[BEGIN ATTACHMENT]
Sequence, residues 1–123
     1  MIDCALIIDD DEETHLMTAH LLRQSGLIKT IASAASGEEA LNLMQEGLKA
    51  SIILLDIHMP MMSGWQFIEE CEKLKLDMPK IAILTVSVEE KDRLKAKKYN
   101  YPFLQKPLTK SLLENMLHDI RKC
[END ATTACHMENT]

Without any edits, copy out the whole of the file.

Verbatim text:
Sequence, residues 1–123
     1  MIDCALIIDD DEETHLMTAH LLRQSGLIKT IASAASGEEA LNLMQEGLKA
    51  SIILLDIHMP MMSGWQFIEE CEKLKLDMPK IAILTVSVEE KDRLKAKKYN
   101  YPFLQKPLTK SLLENMLHDI RKC